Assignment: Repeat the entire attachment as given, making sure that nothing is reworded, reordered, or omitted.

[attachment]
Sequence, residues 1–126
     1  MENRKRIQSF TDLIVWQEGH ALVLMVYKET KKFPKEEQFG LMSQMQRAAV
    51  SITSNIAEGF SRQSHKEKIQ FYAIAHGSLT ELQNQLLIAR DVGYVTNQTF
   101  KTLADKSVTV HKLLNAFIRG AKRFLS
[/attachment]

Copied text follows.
Sequence, residues 1–126
     1  MENRKRIQSF TDLIVWQEGH ALVLMVYKET KKFPKEEQFG LMSQMQRAAV
    51  SITSNIAEGF SRQSHKEKIQ FYAIAHGSLT ELQNQLLIAR DVGYVTNQTF
   101  KTLADKSVTV HKLLNAFIRG AKRFLS